Make scents during Mississippi’s deer rut

Give that buck another reason to make a mistake; this is the time to take advantage of him letting down his guard.

Brent Allen of Brandon scanned the woods around his stand and kept an eye open for the flick of a tail or the glint of an antler. Suddenly, his peripheral vision caught movement, and he quickly made out the form of a buck. Allen knew what to do; he quickly picked an open spot and touched the trigger just as the buck turned and looked away. 


The rifle roared, and the buck collapsed in a heap, never aware of what had happened. The 190-pound trophy was worn down from the rigors of the rut, but he sported a tall, 14-point rack with double brow tines that scored 160 after drying in the Magnolia Records scoring session. 

The exciting hunt occurred during last season’s rut in central Mississippi. 

Paul Meek’s doe-n-heat

“I like to use Paul Meek’s doe-n-heat scent while I’m walking to the stand and while I’m on the stand,” Allen said. “I’ll apply some to my boots and leave a scent trail walking in to the stand and then apply some around my stand location when I get there, too.”

Allen is a firm believer in using Meek’s scents for one reason: they work. He likes to spray some fresh scent during the hunt to keep it wafting in the air to entice any bucks to come take a peek at that hot doe, and many bucks do answer the call of the Meek scent. 

“I’ll spray some of Meek’s Super Heat or Super Blend every so often just to get their attention,” Allen said, “and it’s hard to argue with the success I’ve had. I usually take off a week during the peak of the rut, and we see a lot of activity.”

Last year, Allen stayed in the woods during the rut and harvested two great central Mississippi bucks that came to him like they were on an invisible string. 

They were being pulled by an invisible deer attractant, a scintillating aroma.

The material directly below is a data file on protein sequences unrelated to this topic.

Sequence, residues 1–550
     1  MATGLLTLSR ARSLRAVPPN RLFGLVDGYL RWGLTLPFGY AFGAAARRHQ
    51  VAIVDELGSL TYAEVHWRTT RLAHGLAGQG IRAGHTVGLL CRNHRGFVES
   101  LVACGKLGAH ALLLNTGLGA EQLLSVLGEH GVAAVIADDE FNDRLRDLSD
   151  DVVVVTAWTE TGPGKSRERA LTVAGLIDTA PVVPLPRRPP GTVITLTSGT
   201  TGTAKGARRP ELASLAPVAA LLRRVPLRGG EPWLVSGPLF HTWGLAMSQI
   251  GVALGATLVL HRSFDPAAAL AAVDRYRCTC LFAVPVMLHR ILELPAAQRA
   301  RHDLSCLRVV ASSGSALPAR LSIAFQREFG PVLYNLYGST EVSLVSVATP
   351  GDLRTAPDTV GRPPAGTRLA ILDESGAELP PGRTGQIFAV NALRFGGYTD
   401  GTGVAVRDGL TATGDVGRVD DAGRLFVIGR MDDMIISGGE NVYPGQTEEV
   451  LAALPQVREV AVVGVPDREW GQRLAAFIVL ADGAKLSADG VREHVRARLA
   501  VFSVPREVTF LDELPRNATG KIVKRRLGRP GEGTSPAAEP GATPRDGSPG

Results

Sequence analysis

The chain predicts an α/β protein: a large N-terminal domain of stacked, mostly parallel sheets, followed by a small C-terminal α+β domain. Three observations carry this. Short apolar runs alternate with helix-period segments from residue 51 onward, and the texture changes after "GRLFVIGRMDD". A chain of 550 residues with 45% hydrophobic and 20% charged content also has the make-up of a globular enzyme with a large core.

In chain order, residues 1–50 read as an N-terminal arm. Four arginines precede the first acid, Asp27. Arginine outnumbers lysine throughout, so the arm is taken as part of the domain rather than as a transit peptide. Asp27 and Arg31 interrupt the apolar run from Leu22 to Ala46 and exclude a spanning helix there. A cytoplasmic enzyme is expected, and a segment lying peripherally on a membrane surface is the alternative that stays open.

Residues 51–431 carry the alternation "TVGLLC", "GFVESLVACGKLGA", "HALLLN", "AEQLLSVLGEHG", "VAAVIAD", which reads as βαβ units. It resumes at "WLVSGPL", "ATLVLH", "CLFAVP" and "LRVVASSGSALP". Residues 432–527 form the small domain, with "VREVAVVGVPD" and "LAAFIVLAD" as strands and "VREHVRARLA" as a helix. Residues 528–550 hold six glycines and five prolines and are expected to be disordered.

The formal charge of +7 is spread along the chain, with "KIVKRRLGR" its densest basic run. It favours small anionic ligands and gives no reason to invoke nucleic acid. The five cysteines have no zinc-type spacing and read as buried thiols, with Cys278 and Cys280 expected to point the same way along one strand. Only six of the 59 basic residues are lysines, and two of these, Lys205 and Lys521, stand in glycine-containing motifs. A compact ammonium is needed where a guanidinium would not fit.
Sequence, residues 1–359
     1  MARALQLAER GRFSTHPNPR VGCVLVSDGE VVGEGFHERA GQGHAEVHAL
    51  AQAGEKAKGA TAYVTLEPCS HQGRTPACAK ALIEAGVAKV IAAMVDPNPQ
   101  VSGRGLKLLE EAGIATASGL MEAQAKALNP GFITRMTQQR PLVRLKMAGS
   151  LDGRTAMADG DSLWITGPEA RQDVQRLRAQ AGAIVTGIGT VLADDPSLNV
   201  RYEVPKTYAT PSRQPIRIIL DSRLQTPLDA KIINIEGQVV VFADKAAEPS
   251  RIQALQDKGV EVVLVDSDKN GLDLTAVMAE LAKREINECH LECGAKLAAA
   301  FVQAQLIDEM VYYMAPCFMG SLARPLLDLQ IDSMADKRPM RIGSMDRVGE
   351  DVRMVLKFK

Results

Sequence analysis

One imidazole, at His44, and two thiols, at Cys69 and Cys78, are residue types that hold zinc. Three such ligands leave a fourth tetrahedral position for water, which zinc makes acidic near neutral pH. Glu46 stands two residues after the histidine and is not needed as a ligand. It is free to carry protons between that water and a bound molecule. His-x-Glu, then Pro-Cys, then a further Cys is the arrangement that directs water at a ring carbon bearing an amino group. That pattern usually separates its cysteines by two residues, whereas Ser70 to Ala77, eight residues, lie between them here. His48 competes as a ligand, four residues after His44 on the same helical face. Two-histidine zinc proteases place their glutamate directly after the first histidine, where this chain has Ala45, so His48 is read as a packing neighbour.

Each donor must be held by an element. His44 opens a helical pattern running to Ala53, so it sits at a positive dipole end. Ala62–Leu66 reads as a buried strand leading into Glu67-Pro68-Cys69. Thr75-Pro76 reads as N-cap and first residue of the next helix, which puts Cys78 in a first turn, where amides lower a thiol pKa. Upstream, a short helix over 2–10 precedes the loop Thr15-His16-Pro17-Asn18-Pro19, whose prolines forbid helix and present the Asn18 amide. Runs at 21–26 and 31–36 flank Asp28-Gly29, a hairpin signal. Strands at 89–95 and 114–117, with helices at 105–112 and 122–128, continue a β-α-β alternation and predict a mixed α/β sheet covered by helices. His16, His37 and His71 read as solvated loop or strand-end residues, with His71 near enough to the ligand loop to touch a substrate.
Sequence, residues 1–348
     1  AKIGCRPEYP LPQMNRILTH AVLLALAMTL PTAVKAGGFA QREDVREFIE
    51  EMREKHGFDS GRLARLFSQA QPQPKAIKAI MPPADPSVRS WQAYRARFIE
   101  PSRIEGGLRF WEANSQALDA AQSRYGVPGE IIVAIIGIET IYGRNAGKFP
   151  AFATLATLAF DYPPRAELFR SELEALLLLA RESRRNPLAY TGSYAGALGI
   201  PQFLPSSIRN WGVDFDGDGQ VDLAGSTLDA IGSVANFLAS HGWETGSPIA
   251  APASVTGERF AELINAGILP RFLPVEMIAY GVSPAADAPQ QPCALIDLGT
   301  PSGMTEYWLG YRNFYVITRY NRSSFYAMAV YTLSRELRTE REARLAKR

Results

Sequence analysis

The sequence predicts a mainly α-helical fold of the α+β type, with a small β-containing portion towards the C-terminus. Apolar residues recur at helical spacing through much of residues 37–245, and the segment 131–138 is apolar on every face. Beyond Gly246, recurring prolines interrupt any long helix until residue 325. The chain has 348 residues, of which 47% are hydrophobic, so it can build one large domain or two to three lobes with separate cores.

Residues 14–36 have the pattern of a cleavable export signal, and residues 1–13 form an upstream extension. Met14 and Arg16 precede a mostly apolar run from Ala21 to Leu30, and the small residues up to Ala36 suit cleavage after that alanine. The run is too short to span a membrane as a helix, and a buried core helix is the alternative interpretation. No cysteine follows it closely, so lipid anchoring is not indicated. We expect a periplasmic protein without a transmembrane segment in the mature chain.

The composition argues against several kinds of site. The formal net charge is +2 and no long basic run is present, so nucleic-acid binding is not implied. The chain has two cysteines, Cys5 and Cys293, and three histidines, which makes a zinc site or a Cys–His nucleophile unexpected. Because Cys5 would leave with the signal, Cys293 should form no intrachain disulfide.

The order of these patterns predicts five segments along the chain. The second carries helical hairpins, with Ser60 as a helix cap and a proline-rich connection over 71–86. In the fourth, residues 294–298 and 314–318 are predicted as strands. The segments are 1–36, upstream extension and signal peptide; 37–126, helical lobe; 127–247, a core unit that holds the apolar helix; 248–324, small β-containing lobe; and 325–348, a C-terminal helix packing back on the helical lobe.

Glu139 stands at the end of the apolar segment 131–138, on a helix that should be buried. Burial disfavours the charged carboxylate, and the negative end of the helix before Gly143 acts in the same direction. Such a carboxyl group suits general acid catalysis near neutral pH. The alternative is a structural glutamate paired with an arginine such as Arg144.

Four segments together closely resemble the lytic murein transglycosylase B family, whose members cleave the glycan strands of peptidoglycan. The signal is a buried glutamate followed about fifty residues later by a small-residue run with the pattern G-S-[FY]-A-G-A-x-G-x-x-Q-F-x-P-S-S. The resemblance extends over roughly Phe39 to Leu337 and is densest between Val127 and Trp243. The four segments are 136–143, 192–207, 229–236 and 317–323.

“There’s no doubt in my mind that those bucks came to me because of (the scent),” Allen said. “The last few years, it has worked to bring in big bucks for me.”

Scents can be used to make a buck think there’s a receptive doe in the neighborhood; in most cases, the buck will be on the lookout for her.

Secrets to scent success

“Over the years, the peak of the rut has moved back, but our seasons haven’t changed to adept to the new normal,” Paul Meek said. “When it’s 97 to 100 degrees in October, most folks just lose bow season, because (neither) the deer nor hunters like to move much in that weather. So it seems to me that the whole process gets moved back as the does come into heat later, which brings the bucks out of hiding much later, also.” 

Big bucks rarely let their guard down, except when breeding overtakes their natural defenses.

However, whenever the does start coming into estrous, the bucks will be ready and start running wild. Therein lies their weakness, according to Meek. 

“People think that all the bucks just start rutting during a certain time,” Meek said. “It’s a big misconception, though, because those bucks are ready to rut when those horns come up on their head. When the does come into heat, the bucks start chasing them, and you see rutting activity. In my way of thinking, if you are the only doe in heat in the woods, then all of the bucks in the area will start chasing you;, that’s just common sense. 

“My favorite scent is the Super Blend,” Meek said. “It’s one-half doe-n-heat, one-quarter buck-n-rut and one-quarter tarsal scent for good measure. That mixture is a good pre-rut, rut and post-rut concoction that will work at any time because it excites that old buck’s breeding instinct.”


While bucks may be attracted by a whiff of the doe in heat scent, they’ll be challenged when they smell some of the rutting buck scent and the tarsal scent, which makes them think another buck is already on the scene and courting the female. 

And you know what happens when guys start chasing the same female. Everybody vies for her attention, and it’s the same with bucks. One whiff, and they’re hot on the trail, and they don’t want to share the romance. The ensuing battles will be hard for all concerned, as big bucks will almost fight to the death trying to be her No. 1 guy.